A common belief of technocentrism is that if we have the ability, why not use it? The rapid advancements in genetic testing requires ongoing public awareness. Direct-to-consumer companies like 23andMe and Ancestry.com get access to users’ DNA, which is used...
The "Gattaca" App for Your Smartphone
According to a recent article in the Malaysian New Straits Times, the country’s participation as a "node" in the global Human Variome Project "is expected to revolutionise the healthcare industry in Malaysia, save lives and reduce the cost of the healthcare budget."
Not only that, but HVP founder Robert Cotton has an idea for a new gizmo that the New Straits Times seems to be taking seriously – and that thus surely warrants some thought.
Basically, the idea seems to be to give gene tests to as many Malaysians as possible; convince them to make their DNA data public; and then provide a cell phone app to accessibly store all of an individual's DNA sequences. Then, "when [two people] want to get married and have children, they place their telephones together, and a voice will come out saying you both have a very serious defect and we suggest you see a genetic counsellor."
But does this approach really take full advantage of future technological possibilities? Why stop here?
For example, why wait until folks are engaged to activate cell phone connections? Why not put up a link to an online matchmaking service and let the computers pre-select people first? This would work for straights as well as lesbians and gays seeking partners.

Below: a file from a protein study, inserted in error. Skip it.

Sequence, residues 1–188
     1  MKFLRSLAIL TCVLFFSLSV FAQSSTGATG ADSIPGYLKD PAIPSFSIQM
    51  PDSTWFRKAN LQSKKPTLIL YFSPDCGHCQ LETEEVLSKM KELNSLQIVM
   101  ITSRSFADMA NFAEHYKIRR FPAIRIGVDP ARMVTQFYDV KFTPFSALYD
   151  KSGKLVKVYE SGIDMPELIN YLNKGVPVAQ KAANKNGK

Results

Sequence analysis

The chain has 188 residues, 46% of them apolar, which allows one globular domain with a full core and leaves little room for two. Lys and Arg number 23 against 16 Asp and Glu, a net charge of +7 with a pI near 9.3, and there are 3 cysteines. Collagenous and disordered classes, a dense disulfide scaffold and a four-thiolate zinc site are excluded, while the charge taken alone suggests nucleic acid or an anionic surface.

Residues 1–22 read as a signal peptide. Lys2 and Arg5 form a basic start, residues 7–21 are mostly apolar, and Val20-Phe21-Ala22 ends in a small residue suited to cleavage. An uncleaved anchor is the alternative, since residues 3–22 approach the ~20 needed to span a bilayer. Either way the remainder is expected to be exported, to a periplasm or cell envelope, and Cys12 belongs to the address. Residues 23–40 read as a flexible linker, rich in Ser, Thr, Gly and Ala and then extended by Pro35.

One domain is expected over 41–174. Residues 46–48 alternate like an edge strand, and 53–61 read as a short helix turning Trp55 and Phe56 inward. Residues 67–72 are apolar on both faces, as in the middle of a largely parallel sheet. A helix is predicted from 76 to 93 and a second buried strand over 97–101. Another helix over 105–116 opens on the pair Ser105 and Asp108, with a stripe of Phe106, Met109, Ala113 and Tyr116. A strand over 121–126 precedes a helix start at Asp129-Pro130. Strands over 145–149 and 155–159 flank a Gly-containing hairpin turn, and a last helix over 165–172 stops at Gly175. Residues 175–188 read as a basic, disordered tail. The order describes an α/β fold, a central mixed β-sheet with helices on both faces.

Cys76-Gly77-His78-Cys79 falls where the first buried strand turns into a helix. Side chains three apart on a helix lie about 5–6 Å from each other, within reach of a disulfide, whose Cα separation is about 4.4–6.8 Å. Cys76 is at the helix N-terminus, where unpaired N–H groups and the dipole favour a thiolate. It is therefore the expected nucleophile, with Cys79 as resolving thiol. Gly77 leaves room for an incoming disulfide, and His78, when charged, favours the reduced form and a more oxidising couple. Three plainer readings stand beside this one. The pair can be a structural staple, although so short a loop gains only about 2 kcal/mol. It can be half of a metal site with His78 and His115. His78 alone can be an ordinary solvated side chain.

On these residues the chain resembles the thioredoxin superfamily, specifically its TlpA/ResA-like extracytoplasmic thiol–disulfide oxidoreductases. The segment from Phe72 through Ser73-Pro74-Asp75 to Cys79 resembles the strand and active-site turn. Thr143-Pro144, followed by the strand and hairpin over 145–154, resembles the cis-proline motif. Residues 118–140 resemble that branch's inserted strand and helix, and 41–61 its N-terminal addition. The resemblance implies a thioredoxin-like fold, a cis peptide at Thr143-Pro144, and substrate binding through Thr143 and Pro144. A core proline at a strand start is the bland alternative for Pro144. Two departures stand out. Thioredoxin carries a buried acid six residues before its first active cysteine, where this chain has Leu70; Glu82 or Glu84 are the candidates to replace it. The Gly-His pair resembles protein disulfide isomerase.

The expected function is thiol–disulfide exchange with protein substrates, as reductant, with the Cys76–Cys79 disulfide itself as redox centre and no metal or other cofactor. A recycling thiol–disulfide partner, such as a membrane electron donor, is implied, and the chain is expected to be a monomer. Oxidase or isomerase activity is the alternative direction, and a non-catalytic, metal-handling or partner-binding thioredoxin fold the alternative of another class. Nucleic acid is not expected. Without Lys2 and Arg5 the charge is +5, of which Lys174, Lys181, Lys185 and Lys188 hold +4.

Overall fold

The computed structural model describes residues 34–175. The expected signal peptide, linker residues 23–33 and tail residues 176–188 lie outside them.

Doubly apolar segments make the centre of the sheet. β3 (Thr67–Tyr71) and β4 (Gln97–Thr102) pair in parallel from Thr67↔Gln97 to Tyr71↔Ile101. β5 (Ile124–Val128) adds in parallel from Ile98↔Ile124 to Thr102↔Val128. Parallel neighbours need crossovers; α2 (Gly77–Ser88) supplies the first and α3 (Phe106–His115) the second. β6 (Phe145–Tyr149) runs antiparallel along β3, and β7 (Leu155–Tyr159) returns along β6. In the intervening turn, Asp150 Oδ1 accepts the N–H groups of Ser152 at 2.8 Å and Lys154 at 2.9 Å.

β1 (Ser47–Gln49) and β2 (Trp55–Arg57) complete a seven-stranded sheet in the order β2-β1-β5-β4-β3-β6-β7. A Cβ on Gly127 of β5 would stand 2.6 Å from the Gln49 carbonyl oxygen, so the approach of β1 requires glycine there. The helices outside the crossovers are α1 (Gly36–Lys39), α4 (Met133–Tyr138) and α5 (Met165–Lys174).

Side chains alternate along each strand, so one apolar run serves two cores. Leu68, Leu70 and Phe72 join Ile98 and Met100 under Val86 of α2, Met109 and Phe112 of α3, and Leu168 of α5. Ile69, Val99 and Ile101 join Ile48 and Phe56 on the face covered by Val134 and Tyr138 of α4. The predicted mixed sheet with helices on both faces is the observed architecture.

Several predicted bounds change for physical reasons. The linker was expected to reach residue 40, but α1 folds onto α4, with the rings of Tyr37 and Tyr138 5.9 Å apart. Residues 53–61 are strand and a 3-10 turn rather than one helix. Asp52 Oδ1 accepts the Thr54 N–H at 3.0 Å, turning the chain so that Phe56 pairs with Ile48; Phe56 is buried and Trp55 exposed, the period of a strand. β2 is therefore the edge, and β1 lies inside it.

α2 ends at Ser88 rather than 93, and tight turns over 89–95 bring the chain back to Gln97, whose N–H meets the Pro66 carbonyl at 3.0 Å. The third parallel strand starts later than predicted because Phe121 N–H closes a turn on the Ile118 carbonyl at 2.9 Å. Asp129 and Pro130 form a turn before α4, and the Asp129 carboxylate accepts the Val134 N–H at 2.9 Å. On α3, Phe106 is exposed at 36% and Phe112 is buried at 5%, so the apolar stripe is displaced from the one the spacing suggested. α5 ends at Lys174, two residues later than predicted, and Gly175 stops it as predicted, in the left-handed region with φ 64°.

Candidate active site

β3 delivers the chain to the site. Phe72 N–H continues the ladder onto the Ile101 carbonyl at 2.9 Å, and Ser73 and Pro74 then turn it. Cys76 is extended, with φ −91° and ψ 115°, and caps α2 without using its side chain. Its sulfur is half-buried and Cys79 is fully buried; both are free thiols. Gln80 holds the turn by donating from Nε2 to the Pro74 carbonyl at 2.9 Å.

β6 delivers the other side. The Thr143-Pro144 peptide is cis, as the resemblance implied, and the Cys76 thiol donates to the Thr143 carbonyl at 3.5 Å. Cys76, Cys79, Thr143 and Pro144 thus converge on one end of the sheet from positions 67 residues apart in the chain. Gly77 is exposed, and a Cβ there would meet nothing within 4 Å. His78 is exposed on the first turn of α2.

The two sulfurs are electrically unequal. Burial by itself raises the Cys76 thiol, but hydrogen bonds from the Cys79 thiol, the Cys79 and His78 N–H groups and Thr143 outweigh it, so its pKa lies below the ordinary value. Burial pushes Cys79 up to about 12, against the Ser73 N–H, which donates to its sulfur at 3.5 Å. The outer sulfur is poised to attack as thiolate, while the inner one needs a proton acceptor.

And the app could connect to a GPS system so you can find people nearby with compatible DNA patterns. Then, once you’ve met and married and had children, the system could let schools link in to determine how to place your kids and identify preemptively those they want to medicate to ensure they are "good" students.
Of course, all this DNA information will likely also be encrypted into electronic medical records, driver's licenses, and passports. The underlying rationale would be the same for all the applications – to provide sure ways to identify individuals. Combine those databases with facial-recognition software and CCTV cameras (or just Google glasses), and anonymity becomes a completely outmoded concept.
The medical applications are just the start. What else could someone do with the certain knowledge that a particular individual, identified by his or her DNA, was in a specific place at a certain time? Break into their house (the burglar of course being disguised with pre-hacked, customized data)? Cheat with their spouse? Or even target them for selective assassination?
The combinations are endless. And I do wish they were only dystopian imaginings. But the grandiose plans for Malaysia do suggest that at least some of this may be what tomorrow brings. "We are hoping to extend our help to countries around the region like Thailand, Vietnam and Brunei. Malaysia may not be as advanced as Australia, for instance, but we are moving."
Let's hope these apps don't move beyond the factory doors.
Abby Lippman has spent decades following developments in applied genetic and reproductive technologies. Her main interests as a feminist researcher, writer and activist center on women's health and the politics of health. She is also Professor Emerita in the Department of Epidemiology, Biostatistics and Occupational Health at McGill University.
Previously on Biopolitical Times: